I’ve been sharing the tales of this great journey with you guys for a little over 365 days now. I have learned a lot in this year of telling Large Man stories. The best lesson to date is that no matter how much I learn along the way, the things I don’t know will always be in the heavier suitcase. That’s probably the only real sense of pride that I take away from The Large Man Chronicles experience.
I am in frequent interaction with men and women who know everything, and they are happy to let you know how and why they do. I always find these people comical, and sometimes even a little scary – kinda like a circus clown. That will never be me. The more I write about the people, places, and things that I see, the more I realize how much I don’t know.
Every time I sit in front of this Compaq 6515b and try to turn my view of things into words, I realize all the things I don’t understand. Presenting a coherent organization of thoughts expressed in a way that you, the reader, can relate to, understand, and appreciate seems like it should be so easy, but it never is. It’s fun, it’s always a challenge, but it’s never easy. Then, when I press the “publish” key on WordPress, I feel like I’m watching my daughter cross the street all by herself for the first time…I trust that things are gonna be okay, but I never know.
So why do it?
Socrates said that “the unexamined life is not worth living”. Socrates was a dick.
Well…that may be a little harsh, and I don’t completely disagree, but like everything else, moderation is the key. I truly believe that too much examination of life can be counterproductive – it’s so easy to over think shit. I’m walking, talking, keyboard chunking proof. I over think every single part of my life. I guess I do this because of all the things I don’t know. I’m so proud of it in paragraph one of this little essay, but here I am complaining about it a couple of lines later. This is the shit that the people who love me and I deal with every single day. It’s madness.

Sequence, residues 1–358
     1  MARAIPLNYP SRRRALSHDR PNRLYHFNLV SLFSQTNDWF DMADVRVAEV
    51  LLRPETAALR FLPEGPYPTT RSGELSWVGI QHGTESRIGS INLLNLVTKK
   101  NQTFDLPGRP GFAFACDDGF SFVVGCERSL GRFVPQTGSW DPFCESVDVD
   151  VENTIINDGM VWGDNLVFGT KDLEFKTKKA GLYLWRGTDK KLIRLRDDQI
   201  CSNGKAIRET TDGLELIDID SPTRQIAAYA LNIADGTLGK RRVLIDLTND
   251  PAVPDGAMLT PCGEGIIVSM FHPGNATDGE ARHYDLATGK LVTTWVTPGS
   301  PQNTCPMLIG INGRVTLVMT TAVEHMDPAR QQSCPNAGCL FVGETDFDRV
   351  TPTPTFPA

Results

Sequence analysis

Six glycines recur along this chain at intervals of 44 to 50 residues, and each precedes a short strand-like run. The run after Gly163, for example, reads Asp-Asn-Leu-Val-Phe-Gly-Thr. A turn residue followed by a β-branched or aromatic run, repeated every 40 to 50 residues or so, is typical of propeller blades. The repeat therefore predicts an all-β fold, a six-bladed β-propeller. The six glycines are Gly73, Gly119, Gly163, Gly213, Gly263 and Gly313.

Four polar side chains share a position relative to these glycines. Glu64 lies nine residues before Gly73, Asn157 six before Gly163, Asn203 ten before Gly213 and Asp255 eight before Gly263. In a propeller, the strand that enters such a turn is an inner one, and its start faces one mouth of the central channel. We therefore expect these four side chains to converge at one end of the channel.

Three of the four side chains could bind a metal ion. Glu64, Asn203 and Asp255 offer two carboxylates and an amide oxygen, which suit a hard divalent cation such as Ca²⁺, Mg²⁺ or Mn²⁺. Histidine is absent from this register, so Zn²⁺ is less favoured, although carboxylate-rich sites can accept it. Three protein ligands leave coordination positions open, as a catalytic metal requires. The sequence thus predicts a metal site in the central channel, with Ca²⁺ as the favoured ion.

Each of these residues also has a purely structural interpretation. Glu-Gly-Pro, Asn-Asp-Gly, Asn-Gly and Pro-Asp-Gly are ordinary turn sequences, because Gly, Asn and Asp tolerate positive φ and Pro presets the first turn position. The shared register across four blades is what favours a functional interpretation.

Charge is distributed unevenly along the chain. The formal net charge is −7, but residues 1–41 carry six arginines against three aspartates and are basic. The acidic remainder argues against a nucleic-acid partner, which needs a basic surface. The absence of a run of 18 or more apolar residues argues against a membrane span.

It’s a Bad News/Good News situation.
The bad news: I teeter on the edge of being a semi-institutionalized, drooling, former salesman that tried to make it as a writer but now can’t make it to lunch without the meds.
The good news: Because I write it all out and I’m willing to share, I unload a little of my psychosis bucket into your bucket. To Socrates’ point, this “examination” of life is relatively cheap therapy for me, and it seems to entertain many of you. Better news: If the self therapy doesn’t take, and they haul me off to the happy house, you all get be witness to the drama and humiliation. Stuff like that can be a lot of fun.
And here’s the very bestest part: I’m putting all of you in a perfect I told you so position.
If I end up getting hauled away to the funny farm, every one of you can say, “I was there man! I saw it coming. Don’t know why it didn’t happen sooner. Ya know, I always thought there was something about that dude…”
Or, if I become famous (or maybe even rich), you can say, “I was there man! I saw it coming. Don’t know why it didn’t happen sooner. Ya know, I always thought there was something about that dude…”
In all seriousness, I doubt that I’m in any immediate danger of a meltdown, but I’m starting to understand why so many people in the arts are a little bit “out there”. The distance between crazy and normal is sometimes measured by ones bank balance. Angelina Jolie gets to roam the street as a free woman because she’s rich. You can’t tell me she’s not off the reservation cuckoo. But other “peculiar” people are put into state homes every day because of their stories about the UFO they saw last night. Income (and smokin hotness) issues many a pass…I think Socrates said that too.